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What's the best way to save my MySQL data model and automatically apply changes to my development database server as they are made (or at least nightly)?

For example, today I'm working on my project and create this table in my database, and save the statement to SQL file to deploy to production later:

create table dog (
  uid int,
  name varchar(50)

And tomorrow, I decide I want to record the breed of each dog too. So I change the SQL file to read:

create table dog (
  uid int,
  name varchar(50),
  breed varchar(30)

That script will work in production for the first release, but it won't help me update my development database because ERROR 1050 (42S01): Table 'dog' already exists. Furthermore, it won't work in production if this change was made after the first release. So I really need to ALTER the table now.

So now I have two concerns:

  1. Is this how I should be saving my data model (a bunch of create statements in a SQL file), and
  2. How should I be applying changes like this to my database?

My goal is to release changes accurately and enable continuous integration. I use a tool called DDLSYNC do find and apply difference in an Oracle database, but I'm not sure what similar tools exist for MySQL.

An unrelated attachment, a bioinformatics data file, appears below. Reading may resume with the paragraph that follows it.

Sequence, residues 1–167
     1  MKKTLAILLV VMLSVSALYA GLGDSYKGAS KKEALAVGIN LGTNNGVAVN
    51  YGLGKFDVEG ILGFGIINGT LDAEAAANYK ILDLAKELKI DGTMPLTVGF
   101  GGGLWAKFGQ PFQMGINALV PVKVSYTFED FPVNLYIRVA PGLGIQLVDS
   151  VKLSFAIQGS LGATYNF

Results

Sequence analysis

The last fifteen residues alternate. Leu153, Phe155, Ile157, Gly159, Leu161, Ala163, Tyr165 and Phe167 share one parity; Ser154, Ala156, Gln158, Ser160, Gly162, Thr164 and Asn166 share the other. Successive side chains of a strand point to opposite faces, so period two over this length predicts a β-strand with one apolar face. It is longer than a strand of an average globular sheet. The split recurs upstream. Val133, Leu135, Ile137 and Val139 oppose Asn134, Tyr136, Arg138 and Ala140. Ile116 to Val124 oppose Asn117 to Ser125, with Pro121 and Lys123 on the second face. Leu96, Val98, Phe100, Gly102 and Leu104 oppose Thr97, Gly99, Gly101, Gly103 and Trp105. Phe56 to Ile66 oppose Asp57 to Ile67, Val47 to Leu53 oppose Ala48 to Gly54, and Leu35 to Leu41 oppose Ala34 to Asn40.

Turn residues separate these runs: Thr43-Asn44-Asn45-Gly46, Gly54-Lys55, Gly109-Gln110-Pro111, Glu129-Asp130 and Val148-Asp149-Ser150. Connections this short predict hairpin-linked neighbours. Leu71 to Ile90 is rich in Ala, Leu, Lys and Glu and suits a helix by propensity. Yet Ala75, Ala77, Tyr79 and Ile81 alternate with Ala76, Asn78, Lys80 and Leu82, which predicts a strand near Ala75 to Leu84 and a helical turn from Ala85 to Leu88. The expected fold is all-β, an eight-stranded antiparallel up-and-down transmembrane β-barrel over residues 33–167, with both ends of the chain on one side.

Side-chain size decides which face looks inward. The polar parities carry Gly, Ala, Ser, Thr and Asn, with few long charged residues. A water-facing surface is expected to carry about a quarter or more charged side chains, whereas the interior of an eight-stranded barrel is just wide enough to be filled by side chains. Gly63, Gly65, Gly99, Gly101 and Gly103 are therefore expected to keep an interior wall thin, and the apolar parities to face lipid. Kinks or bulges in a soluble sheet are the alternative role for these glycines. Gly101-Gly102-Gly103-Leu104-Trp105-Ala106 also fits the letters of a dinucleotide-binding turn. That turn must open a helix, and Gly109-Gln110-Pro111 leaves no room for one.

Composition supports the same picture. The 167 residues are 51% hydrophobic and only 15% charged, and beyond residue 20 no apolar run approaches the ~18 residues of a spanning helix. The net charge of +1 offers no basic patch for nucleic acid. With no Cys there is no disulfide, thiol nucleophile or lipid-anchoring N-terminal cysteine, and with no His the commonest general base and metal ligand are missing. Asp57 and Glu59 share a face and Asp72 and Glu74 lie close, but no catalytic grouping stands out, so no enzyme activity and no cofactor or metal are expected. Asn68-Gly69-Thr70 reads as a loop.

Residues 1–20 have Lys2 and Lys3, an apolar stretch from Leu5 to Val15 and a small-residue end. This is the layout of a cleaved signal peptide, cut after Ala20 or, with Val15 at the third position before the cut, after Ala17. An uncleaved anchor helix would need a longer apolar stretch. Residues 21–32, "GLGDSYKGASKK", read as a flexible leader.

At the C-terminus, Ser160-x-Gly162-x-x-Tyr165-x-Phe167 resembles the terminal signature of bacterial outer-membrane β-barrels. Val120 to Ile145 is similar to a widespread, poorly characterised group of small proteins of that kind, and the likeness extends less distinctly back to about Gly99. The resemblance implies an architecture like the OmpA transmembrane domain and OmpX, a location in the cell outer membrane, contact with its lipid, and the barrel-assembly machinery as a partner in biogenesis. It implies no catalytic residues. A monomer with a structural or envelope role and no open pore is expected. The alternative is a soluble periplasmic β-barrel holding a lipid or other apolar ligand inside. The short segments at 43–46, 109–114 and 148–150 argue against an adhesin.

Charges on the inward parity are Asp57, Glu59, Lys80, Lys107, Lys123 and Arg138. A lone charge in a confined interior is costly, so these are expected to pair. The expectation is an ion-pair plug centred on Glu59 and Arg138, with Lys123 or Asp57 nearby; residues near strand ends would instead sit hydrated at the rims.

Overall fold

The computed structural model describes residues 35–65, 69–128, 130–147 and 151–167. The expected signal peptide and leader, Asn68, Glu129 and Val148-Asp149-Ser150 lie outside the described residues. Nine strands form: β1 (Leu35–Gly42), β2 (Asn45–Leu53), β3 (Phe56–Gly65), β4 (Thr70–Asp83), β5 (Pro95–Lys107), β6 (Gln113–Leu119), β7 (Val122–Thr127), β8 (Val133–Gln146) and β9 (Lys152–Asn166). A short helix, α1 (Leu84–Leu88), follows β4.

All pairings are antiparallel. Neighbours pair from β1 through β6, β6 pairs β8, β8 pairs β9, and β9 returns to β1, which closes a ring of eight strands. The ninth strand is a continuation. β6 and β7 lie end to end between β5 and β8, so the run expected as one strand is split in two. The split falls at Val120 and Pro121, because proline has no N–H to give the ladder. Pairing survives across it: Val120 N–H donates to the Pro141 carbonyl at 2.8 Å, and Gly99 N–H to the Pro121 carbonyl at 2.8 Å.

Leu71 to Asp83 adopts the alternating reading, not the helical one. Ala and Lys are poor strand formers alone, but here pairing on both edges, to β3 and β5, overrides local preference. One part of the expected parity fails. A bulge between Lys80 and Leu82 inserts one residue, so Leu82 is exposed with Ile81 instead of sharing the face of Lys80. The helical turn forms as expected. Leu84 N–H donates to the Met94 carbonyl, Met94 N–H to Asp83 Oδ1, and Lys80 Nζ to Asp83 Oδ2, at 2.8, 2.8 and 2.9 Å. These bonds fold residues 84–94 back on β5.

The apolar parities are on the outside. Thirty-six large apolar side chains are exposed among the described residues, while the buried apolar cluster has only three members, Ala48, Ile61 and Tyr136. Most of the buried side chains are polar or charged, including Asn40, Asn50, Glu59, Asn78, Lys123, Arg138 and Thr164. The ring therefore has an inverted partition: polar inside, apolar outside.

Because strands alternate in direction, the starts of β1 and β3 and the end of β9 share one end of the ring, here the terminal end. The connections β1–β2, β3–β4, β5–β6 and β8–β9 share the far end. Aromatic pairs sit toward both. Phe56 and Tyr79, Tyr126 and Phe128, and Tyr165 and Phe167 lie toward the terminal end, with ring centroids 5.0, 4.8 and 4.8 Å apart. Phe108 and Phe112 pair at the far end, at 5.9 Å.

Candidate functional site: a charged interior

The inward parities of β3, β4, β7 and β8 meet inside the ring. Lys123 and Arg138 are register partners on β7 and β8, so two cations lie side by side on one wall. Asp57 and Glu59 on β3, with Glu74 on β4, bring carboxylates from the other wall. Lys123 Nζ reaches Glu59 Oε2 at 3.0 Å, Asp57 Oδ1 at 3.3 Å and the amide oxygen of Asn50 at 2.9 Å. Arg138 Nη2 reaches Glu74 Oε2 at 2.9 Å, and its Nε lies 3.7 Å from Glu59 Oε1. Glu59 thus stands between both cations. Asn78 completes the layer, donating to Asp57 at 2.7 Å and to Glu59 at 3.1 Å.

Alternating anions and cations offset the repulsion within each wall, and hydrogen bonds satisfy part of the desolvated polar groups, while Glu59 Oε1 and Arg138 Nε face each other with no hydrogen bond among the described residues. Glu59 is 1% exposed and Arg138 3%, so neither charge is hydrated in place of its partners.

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2 Answers 2

up vote 1 down vote accepted

At work, we developed a small script to manage our database versioning. Every change to any table or set of data gets it's own SQL file.

The files are numbered sequentially. We keep track of which update files have been run by storing that information in the database. The script inserts a row with the filename when the file is about to be executed, and updates the row with a completion timestamp when the execution finishes. This is wrapped inside a transaction. (It's worth remembering that DDL commands in MySQL can not occur within a transaction. Any attempt to perform DDL in a transaction causes an implicit commit.)

Because the SQL files are part of our source code repository, we can make running the update script part of the normal rollout process. This makes keeping the database and the code in sync easy as pie. Honestly, the hardest part is making sure another dev hasn't grabbed the next number in a pending commit.

We combine this update system with an (optional) nightly wipe of our dev database, replacing the contents with last night's live system backup. After the backup is restored, the update gets run, with any pending update files getting run in the process.

The restoration occurs in such a way that only tables that were in the live database get overwritten. Any update that adds a table therefore also has to be responsible for only adding it if it doesn't exist. DROP TABLE IF EXISTS is handy. Unfortunately not all databases support that, so the update system also allows for execution of scripts written in our language of choice, not just SQL.

All of this in about 150 lines of code. It's as easy as reading a directory, comparing the contents to a table, and executing anything that hasn't already been executed, in a determined order.

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There are standard tools for this in many frameworks: Rails has something called Migrations, something that's easily replicated in PHP or any similar language.

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